A disgruntled dining punter has taken issue with the billboard promotion of Metro magazine's Best Restaurants Awards, sparking industry support.
Aucklander Kirk MacGibbon has laid a complaint with the Advertising Standards Authority, alleging the billboard, seen at prominent spots around the city, is "offensive, misleading and deceptive".
The imagery and wording — a set of kitchen measuring spoons and the words 'Who measures up?' — that moved MacGibbon to take action.
The billboard question refers to Metro's annual Top 50 Restaurants list — regarded as a go-to by the wider dining public. But MacGibbon said it created the impression the restaurants that did not make the cut "are somehow not measuring up to an ambiguous, undefined, completely unscientific standard".
Calling for more transparency in the judging process, MacGibbon wrote: "it certainly exploits the consumer's lack of experience and knowledge as to what Metro claims constitutes a Top 50 restaurant".
There was no way of knowing how Metro selected the pool of restaurants from which it then chose the Top 50, he added.
His words have the support of some restaurateurs.
Among them is Dominic Parat, who has owned more than 12 restaurants in his 40-year hospitality history. His Ponsonby restaurant Mekong Baby did not make the list.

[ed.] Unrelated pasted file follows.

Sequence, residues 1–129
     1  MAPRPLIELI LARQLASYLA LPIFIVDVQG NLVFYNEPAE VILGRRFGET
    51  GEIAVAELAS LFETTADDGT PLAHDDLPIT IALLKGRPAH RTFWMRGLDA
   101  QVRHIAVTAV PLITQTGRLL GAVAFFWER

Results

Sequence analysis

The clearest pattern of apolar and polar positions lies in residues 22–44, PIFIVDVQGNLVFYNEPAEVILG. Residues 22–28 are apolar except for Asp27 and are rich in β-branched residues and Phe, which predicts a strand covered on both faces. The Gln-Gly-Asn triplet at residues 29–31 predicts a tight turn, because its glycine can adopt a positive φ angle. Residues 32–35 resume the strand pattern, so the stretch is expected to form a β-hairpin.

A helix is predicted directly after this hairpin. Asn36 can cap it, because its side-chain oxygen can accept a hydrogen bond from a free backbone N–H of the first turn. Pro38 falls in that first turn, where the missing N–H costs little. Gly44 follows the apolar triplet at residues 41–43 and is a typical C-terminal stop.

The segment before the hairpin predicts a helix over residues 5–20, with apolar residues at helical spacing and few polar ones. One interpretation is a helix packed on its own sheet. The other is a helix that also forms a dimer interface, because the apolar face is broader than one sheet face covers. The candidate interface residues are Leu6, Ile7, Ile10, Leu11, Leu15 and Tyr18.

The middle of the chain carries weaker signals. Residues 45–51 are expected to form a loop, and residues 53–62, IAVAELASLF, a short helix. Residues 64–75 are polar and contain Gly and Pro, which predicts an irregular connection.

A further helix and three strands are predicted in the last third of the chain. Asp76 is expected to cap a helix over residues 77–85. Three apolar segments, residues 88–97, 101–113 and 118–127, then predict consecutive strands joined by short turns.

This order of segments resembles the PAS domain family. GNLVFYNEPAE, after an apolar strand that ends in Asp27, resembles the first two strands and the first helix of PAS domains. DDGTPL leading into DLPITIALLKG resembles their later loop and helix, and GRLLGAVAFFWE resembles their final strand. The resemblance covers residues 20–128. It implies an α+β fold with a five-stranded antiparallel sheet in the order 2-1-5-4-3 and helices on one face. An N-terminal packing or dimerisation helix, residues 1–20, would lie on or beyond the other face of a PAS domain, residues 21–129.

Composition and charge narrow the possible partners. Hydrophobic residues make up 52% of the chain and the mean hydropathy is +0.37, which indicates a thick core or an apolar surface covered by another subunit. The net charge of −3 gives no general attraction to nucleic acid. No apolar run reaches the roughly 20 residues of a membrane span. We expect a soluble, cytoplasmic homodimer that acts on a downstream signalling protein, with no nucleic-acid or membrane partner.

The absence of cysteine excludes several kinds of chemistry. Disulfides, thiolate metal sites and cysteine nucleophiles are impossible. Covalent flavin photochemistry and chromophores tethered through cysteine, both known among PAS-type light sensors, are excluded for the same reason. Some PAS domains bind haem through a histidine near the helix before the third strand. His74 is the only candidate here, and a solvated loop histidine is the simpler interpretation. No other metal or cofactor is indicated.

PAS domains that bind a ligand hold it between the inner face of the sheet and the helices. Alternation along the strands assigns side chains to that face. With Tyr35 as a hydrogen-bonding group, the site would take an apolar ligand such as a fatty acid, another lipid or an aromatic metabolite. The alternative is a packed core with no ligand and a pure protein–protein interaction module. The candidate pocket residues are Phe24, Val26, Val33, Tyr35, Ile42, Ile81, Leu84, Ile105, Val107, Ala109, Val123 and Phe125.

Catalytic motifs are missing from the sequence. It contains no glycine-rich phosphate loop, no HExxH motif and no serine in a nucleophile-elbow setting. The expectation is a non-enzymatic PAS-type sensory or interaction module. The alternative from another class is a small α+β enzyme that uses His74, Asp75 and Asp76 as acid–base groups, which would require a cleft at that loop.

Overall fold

Questioning the judging criteria, he said: "I know for a fact they [Metro judges] haven't been here. I've been told we weren't in it from the start."
Awards in general were great for the industry, Parat said. "But this whole award is misleading the public."
Metro's message suggested the judges had been to every restaurant in Auckland, he added.
"How do they draw up the original list?"
He invited Metro editor Susannah Walker to reveal all the receipts of restaurants judged.
Echoing his thoughts was Russell Gray, co-owner and director of Good Group Hospitality, which owns White & Wong's, Botswana Butchery and Harbourside. None of those made the list either.
"Competition is great, and awards are great — but it's got to be more transparent so it can act as a motivational tool, not a demotivational tool," Gray said.
There was a certain irony in the announcement of the awards, he added.
"Botswana Butchery in Auckland made it onto the list in 2012, and we didn't deserve it then; we'd just opened."
The group's focus had now shifted to Cuisine magazine's Good Food Awards, which Gray said were "more credible".
MacGibbon, a writer, has previously worked as a consultant for Parat. He said on this occasion he took action of his own accord because he felt so strongly about the issue.
"I certainly have not been paid by anyone to lodge the complaint."
Metro magazine said last night that it had not heard from the Advertising Standards Authority about a complaint and so could not comment.
• Geraldine Johns has previously been on the 'Metro' Best Restaurants judging panel.